Original URL: http://www.theregister.co.uk/2007/09/24/literal_truth/

US teacher fired for non-literal bible reading

Of course there was a talking snake, stupid

By Lucy Sherriff

Posted in Science, 24th September 2007 09:44 GMT

A teacher at a US community college in Red Oak, Iowa says he was fired after telling his students not to interpret the story of Adam and Eve as a literal account of events circa BC 4000.

Steve Bitterman, 60, who was teaching a western civilisation course at Southwestern Community College, said he often used extracts from the Old Testament as part of the class. The class was being broadcast to students in a second college in Osceola, and a group of students from that class complained that the teacher was "denigrating their religion".

According to the Des Moines Register, Bitterman said: "I'm just a little bit shocked myself that a college in good standing would back up students who insist that people who have been through college and have a master's degree, a couple actually, have to teach that there were such things as talking snakes or lose their job."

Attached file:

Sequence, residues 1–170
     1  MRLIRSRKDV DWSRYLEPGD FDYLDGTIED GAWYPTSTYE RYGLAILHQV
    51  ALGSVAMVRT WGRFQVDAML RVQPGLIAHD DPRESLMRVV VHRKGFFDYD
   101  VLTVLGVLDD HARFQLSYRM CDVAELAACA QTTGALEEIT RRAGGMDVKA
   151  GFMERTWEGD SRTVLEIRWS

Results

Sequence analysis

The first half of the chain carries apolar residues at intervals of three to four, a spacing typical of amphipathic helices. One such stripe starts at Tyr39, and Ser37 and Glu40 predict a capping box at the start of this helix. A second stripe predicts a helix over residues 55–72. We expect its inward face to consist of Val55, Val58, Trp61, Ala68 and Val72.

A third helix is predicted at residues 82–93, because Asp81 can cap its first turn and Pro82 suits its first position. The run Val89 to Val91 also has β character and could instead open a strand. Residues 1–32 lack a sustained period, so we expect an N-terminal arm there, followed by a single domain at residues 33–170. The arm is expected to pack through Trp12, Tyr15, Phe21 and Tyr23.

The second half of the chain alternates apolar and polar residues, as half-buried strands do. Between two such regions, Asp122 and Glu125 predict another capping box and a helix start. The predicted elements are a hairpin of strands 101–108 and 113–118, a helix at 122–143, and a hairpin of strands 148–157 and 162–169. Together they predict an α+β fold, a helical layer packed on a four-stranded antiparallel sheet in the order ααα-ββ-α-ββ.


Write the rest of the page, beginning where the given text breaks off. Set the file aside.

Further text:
Describing the class, Bitterman said he had put the Hebrew religion on the same plane as any other, with no god being given a particular preference. He said that he encouraged students to look beyond a literal interpretation of what is an "extremely meaningful story", because he thought a literal reading would miss much of the poetic, metaphoric and symbolic content.

After the class, he said he had a conversation with a student in which he referred to the story of Adam and Eve as a fairy tale. Then he was told that the students had threatened to take legal advice.

Southwestern Community College would not comment on Bitterman's dismissal, describing it as a "personnel matter", but stressed that the teacher's right to free speech had not been infringed.

"I just thought there was such a thing as academic freedom here," Bitterman told the Des Moines Register. "From my point of view, what they're doing is essentially teaching their students very well to function in the eighth century." ®